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Best Business Commentary
If you have to drop the ax on someone, “there’s a right way—and plenty of wrong ones—to go about it,” says Lisa LaMotta in Forbes.com. Bottled or not, “it’s water—companies don't make it, nature does,” says Thomas Kostigen in MarketWatch.
F
iring under grace

If you have to drop the ax on someone, “there’s a right way—and plenty of wrong ones—to go about it,” says Lisa LaMotta in Forbes.com. First, you’d better fire your employee right. “Cross one of many lines and you could be staring at a lawsuit,” even if you have just cause. If warnings and coaching fail, “corral an HR director” for the meeting: it should be after work hours and no longer that 15 minutes. “Don't elaborate on the problems.” And don’t publicly start searching for a replacement before the firing. “Discretion is the better part of dismissal.”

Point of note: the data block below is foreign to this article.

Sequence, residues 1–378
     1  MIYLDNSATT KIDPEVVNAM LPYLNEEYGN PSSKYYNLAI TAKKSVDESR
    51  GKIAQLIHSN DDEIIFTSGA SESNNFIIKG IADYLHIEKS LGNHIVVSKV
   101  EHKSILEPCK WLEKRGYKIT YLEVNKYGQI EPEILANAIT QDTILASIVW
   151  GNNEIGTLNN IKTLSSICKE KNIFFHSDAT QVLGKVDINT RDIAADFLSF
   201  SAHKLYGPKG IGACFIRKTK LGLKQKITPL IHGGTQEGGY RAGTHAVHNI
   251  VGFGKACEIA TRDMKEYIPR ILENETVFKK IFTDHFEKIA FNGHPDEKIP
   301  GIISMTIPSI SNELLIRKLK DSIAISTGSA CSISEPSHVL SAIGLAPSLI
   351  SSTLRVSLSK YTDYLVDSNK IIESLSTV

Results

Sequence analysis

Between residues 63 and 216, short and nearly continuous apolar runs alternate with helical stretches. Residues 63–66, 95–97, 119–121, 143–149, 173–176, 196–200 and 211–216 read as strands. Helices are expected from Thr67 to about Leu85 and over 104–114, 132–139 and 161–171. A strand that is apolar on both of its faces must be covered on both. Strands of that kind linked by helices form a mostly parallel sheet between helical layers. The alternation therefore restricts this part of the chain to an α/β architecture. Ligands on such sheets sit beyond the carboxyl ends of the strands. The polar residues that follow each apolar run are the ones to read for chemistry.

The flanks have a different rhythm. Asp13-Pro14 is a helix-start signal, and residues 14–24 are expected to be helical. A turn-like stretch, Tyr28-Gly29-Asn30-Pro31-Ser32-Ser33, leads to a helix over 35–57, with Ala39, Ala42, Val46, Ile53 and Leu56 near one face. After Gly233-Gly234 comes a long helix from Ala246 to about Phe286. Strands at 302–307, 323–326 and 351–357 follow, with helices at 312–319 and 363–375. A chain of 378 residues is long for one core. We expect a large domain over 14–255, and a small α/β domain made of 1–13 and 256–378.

Tapping the source of bottled water

Bottled or not, “it’s water—companies don't make it, nature does,” says Thomas Kostigen in MarketWatch. So a California bill that would make bottlers list the source of their water—“spring, well, or municipal reservoir”—on the label seems fair. “Bottled-water makers, of course, aren’t pro label,” but telling us that we’re buying tap water probably won’t hurt their bottom line. After all, junk-food and cigarette makers “label their ingredients too.”

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